In all honesty, if it wasn't for Emma's play dough play area, Miss M would have been a bit bored with the whole outing, but we could not get her away from the play dough tables. Of course we had to go back for a second visit before we left.
|Image credit Finders Keepers Instagram - used with permission.|
1. Learning Letters
Every letter starts with rolling a long snake! Easy peasy, and lots of kids do this with play dough instinctually. To help them make the letters, write them on some paper for them to 'trace' with the play dough on top, or use as a guide to copy underneath. 5-6 year olds should be able to just make the letters themselves.
2. Make Sight Words (stamping)
|Image credit Happy Hands Happy Heart Instagram - used with permission.|
3. Practise Counting
Way before children learn how to write numerals, they need to have a concrete understanding of what 'number' is. What does 4 look like? What does 7 look like? Roll little balls of play dough and practise counting them - remember 1:1 correspondence is important, meaning for each ball they touch, they say one number. Add a die to this activity for an extension or even start exploring concepts of addition.
4. Explore the Senses
Standard play dough naturally encourages the sense of touch (obviously) - but the Happy Hands Happy Heart play dough is beautifully scented (we got to try pink grapefruit and lavender) which is also going to invoke the senses of smell and sight. What a great starting point for a unit of work in Science about the five senses.
5. Create a Picture or sculpture
Take their art work to another level by finding interesting objects to create imprints and patterns in the play dough.
6. Make 2D or 3D shapes
7. Calm Down Station
Play dough has a wonderful unique calming quality which some children may benefit from throughout their school day when they are feeling overwhelmed, anxious, upset or just need some chill out time to prevent to meltdown before it starts. A calm down station which may include play dough, glitter bottles, books, headphones etc might be an excellent addition to your classroom for special needs students.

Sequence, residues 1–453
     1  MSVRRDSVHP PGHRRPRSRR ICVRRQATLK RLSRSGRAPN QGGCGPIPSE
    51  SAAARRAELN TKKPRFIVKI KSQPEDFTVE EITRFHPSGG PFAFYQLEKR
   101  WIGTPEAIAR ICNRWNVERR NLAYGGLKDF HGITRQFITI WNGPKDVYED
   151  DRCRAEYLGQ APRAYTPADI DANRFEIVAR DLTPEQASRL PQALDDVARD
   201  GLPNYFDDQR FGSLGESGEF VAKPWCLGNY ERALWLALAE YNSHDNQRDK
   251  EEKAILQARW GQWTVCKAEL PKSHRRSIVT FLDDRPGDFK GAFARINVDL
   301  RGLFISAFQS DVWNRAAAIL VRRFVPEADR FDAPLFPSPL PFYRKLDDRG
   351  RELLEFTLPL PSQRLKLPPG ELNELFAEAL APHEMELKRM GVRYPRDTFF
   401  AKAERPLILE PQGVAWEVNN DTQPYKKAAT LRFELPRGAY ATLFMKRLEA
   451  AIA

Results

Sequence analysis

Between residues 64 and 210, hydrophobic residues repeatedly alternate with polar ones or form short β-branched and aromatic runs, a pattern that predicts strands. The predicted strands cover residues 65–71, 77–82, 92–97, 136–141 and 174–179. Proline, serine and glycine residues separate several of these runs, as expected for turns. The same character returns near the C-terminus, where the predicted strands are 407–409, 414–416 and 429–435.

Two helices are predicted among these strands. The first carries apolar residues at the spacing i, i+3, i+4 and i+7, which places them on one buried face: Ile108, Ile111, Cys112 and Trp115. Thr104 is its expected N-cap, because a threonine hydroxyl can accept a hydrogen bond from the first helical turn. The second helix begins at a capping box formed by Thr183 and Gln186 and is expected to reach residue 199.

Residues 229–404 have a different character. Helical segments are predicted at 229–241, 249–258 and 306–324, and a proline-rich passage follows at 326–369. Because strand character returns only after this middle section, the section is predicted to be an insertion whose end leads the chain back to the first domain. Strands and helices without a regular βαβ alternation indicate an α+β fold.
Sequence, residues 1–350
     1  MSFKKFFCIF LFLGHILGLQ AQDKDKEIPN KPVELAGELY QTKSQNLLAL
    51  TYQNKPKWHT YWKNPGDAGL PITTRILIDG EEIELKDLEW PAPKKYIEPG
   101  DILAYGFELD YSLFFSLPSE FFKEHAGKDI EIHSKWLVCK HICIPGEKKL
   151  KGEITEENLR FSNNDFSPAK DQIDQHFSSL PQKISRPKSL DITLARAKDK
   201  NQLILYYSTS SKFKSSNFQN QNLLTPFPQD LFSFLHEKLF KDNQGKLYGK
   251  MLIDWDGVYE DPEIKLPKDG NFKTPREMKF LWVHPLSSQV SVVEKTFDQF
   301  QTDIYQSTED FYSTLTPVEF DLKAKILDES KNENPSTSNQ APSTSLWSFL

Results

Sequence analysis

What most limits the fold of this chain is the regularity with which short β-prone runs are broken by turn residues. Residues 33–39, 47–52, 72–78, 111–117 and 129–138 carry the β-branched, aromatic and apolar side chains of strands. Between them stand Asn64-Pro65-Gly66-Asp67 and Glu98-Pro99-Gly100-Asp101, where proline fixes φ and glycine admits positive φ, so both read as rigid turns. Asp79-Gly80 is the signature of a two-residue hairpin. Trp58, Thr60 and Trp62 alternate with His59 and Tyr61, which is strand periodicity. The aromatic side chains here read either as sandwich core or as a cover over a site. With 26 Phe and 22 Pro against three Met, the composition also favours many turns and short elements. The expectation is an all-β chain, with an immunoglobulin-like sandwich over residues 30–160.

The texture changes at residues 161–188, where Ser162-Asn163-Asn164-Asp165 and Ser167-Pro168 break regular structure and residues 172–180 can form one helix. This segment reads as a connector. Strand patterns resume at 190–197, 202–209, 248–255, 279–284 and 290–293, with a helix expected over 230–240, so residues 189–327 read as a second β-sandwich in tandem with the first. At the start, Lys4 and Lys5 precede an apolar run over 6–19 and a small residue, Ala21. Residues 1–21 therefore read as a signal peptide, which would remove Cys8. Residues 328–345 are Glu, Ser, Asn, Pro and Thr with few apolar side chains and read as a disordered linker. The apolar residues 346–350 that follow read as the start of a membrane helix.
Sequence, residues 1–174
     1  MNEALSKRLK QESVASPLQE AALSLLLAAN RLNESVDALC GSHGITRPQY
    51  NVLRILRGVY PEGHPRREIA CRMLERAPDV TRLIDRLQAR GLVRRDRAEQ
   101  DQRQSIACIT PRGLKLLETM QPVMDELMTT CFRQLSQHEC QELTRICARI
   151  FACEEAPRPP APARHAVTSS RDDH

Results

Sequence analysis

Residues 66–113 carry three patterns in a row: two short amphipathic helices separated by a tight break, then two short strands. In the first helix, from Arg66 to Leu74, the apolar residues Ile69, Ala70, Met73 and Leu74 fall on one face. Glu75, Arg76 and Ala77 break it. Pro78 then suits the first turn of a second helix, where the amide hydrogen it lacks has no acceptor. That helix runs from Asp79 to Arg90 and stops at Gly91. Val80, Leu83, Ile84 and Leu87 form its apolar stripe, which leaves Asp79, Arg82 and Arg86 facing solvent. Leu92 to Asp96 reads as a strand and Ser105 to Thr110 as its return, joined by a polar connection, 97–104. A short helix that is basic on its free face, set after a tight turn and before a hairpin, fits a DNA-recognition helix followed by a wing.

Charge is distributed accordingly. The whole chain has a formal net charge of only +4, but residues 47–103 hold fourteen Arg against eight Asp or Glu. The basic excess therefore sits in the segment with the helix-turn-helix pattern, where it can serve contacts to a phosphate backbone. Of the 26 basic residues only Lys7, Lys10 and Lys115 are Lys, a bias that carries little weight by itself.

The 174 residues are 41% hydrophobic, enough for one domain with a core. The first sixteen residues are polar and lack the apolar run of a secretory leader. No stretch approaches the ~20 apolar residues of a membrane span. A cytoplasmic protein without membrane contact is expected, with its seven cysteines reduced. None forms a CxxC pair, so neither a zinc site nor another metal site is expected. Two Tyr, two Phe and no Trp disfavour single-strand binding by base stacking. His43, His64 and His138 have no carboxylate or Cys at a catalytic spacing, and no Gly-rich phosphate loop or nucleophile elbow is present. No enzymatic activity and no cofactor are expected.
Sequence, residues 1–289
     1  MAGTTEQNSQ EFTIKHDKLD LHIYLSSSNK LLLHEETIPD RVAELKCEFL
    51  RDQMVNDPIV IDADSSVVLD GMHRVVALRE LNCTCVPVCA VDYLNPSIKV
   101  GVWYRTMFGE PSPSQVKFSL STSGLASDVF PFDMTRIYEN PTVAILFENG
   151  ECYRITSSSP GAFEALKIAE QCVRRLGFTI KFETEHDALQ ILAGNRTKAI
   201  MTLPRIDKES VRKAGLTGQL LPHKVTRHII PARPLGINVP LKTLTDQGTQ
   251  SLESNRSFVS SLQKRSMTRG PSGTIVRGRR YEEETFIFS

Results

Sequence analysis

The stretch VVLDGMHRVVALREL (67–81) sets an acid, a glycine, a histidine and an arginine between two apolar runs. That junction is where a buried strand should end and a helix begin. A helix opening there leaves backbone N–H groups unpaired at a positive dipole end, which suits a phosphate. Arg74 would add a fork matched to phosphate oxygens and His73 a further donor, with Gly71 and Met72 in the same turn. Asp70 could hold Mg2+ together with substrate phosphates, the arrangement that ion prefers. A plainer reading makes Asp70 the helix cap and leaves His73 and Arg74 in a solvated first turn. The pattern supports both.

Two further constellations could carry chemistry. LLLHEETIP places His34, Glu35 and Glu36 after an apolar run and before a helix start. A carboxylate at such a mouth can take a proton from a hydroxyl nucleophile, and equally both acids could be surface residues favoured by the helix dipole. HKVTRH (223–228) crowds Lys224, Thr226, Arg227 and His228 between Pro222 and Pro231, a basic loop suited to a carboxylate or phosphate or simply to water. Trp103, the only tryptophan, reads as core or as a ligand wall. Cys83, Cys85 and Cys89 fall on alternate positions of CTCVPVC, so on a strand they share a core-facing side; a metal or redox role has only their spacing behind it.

8. Utilise your SSO time
Can you imagine a whole class of 30 kids all playing with play dough at once!! It would be mayhem and I guarantee that about half of it would end up smushed into the carpet. In my classroom, I would always set up a play dough table for small groups of children to work with it at one time. Use your SSOs to take a small group to another area, try it in your literacy rotations, or put it out in the morning to keep early arrivals quiet and busy. Wet weather indoor play time? Another great small group opportunity.
9. Tie it in with your theme
Set out an invitation to play with carefully chosen coloured play dough perfectly paired with materials to tie in with your theme.
- Living things? Green + brown play dough with cut up green straws, fake flowers, button flowers and bug toys.
- Ocean? Blue play dough + yellow for sand, fish toys, shells, pebbles etc.
- Space? Black + glitter play dough with stars
- Farm, Dinosaurs, oh there are so many more possibilities!
10. Free Play Time
I'm sure that every Junior Primary teacher ever does Friday afternoon free activity. Tell me it's not just me! (Lol) Bring out the play dough every week or just keep it for a special treat. Add it to your home corner to encourage more imaginative play as it's cooked and dished up for a tea party. Or use it to reinforce skills learnt over the week (letters, numbers, words, shapes etc as above).
I'm so honoured to share Emma's beautiful play dough with you today (kindly gifted for the purpose of this review). There are some really special biz mums out there and she is one of them. A mum of three from Bendigo, her children are the official play dough testers. How lucky that when they're asked "What does your mummy do?" they can say "She makes play dough!".
Emma's play dough certainly kept Miss M's hands happy for hours, day after day, and that made my heart happy :)